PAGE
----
Another Day, Another Obamacare Repeal Vote

Why is the House bothering to repeal Obamacare yet again?

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Of all the advice offered in the Republican National Committee's impressively frank and overdue report on how to remake its image for the 21st century, one item sticks out for its obviousness and its good sense: make sure people see you as the party that is for something, not just against something.

House Republicans, it seems, did not get the memo, let alone the entire, well-done report. Again, the GOP-run House is voting to repeal Obamacare. Different entities have different counts, but the number of times the House will have voted to vitiate the law is in the upper 30s.

The vote will go nowhere, since the Senate will not follow suit, and of course, the president is not going to sign a piece of legislation to undo the law he spent a great deal of political capital passing. So why bother? GOP freshmen, House Speaker John Boehner notes, want to be on record trying to reverse the law.

[See a collection of political cartoons on the Republican Party.]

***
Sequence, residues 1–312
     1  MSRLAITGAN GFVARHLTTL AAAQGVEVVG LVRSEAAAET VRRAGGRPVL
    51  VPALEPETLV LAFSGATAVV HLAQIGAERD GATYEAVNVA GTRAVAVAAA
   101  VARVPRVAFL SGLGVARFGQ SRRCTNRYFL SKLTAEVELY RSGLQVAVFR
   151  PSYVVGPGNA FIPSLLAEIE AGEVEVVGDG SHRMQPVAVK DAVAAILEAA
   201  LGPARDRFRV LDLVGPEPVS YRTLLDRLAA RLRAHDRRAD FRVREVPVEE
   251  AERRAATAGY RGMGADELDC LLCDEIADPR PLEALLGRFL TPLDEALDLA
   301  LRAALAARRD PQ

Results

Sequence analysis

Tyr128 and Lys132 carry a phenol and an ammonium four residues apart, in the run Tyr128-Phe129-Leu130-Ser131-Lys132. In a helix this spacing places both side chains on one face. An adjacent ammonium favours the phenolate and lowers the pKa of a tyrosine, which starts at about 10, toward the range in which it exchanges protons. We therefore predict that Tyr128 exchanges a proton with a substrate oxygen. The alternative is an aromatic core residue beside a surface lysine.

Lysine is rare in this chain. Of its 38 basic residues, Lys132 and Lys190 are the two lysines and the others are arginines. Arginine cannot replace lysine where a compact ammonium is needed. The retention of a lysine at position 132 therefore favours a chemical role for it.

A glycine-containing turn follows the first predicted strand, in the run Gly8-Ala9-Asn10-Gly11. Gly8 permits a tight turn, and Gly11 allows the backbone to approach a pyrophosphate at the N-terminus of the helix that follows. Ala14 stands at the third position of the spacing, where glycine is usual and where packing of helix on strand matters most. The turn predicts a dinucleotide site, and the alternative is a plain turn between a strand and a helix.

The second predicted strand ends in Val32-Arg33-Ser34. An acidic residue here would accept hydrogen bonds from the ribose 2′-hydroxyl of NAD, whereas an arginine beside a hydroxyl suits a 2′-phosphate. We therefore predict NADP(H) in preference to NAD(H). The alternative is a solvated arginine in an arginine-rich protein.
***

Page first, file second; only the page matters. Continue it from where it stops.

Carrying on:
But what is the point of that? Surely, these freshmen made their views on the law clear when they were running for office. It may be, in some districts, that this is why they won. But wasting the time of the House, which surely has non-symbolic work to do, just to rack up a vote for a re-election campaign brochure is harder to defend.

It's not just the GOP that engaged in such tactics, although the sheer number of votes to simply undo a complicated law that was challenged in the courts and reaffirmed by the U.S. Supreme Court is unusual. But in both chambers, leaders allow votes that are of little use other than to help a new member establish a record as being in favor of or against abortion rights, or in favor of or against gun control.

And symbolic votes are not entirely useless; there is some merit to forcing lawmakers to go on record on certain issues. But voting dozens of times to repeal the health care law goes well beyond putting members on record. It merely serves to show the American public how dysfunctional Congress remains, with the hallowed chambers – where wars and budgets and civil rights have been debated – being converted into campaign arenas.

Both parties can do better. Saying over and over again what you oppose will win votes. But it's no way to run the country.

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